Ohio doctor accused of murdering 25 patients with painkiller overdoses

A critical-care doctor in Ohio who authorities believe “purposely caused the death” of 25 hospital patients that overdosed on the opioid painkiller fentanyl was arrested and charged with murder Wednesday.

Dr. William Husel, 43, pleaded not guilty to 25 counts of murder charged against him by the Franklin County Grand Jury. A lawyer for Husel has said he did not intend to kill anyone.

The charges make up one of the biggest murder cases brought against a doctor in the United States. A judge posted bail at $1 million and Husel surrendered his passport at the request of prosecutor Ron O’Brien.

DISGRACED FRENCH DOCTOR ACCUSED OF POISONING 24 PATIENTS AS YOUNG AS FOUR TO SHOW OFF HIS TALENTS IN MEDICINE

O'Brien's office said in a statement that Husel ordered that patients receive doses of fentanyl "in various amounts between 500 and 2000 micrograms ... that shortened their life and hastened or caused their death."

The suspicious deaths occurred at Mount Carmel and St. Ann’s Hospitals in Columbus between Feb. 11, 2015, and Nov. 20, 2018, according to the statement.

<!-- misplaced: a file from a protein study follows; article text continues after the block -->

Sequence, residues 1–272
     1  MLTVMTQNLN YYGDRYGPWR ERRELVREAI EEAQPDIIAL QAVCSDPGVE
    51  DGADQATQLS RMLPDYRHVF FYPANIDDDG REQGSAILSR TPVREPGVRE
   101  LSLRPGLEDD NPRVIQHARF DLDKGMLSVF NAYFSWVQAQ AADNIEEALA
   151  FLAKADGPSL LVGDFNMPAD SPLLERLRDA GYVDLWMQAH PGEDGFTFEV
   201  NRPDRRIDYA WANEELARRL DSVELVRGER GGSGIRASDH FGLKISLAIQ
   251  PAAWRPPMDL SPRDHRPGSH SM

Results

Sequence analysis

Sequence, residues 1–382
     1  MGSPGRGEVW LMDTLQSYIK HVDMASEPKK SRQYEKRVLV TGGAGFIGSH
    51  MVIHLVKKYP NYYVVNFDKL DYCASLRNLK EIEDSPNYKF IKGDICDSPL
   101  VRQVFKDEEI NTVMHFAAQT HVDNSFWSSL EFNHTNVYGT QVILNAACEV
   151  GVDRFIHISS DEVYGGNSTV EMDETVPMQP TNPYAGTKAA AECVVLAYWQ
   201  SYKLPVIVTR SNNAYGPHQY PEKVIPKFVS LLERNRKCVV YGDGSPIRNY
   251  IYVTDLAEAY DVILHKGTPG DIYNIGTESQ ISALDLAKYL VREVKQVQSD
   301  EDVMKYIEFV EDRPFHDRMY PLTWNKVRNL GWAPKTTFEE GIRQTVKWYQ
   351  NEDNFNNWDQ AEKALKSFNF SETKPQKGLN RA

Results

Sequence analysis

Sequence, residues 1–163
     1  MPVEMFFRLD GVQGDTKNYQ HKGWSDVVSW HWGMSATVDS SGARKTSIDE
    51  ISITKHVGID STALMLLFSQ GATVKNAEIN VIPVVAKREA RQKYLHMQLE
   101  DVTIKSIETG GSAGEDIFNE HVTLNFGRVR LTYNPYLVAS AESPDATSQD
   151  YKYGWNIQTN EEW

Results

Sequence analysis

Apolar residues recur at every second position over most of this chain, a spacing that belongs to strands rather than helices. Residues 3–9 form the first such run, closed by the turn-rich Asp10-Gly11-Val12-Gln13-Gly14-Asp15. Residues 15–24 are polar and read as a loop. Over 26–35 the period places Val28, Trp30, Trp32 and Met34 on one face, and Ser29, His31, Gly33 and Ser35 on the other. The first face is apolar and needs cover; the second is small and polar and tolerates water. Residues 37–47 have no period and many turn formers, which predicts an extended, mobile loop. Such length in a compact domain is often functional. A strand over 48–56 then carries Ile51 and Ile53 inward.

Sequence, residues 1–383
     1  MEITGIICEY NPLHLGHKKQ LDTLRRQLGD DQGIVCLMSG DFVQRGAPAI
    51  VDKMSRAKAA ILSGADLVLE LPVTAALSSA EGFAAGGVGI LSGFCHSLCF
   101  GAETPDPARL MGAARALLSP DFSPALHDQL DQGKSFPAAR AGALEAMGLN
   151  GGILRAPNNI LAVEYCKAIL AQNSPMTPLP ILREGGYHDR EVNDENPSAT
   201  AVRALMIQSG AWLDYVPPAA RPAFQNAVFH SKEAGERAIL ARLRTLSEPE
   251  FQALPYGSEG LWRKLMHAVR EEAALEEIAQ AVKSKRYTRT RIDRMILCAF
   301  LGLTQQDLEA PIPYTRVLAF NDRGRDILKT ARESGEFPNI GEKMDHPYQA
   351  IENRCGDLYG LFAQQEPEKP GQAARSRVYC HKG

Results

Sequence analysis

Husel was fired from the Columbus-area Mount Carmel Health System in December 2018 and stripped of his medical license when allegations against him began to surface and an internal investigation by the hospital uncovered his fatal prescriptions.

More than two dozen wrongful-death lawsuits have been filed against Husel and the hospital system, some of which have been settled by the hospital for hundreds of thousands of dollars, according to the Associated Press.

Mount Carmel has admitted that Husel wasn't removed from patient care until four weeks after concerns about him were raised last fall and that three patients died during that gap after receiving excessive doses he ordered.

As a precautionary measure, all employees who worked with Husel to administer medication to the patients who died were removed from patient care. Forty-eight nurses and pharmacists were reported to their respective professional boards, 30 of whom were put on leave, and 18 no longer work at Mount Carmel, including some who left years before allegations surfaced.

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The prosecutor's office has said it does not intend to charge any other hospital employees and has not disclosed any possible motive.

The Associated Press contributed to this report.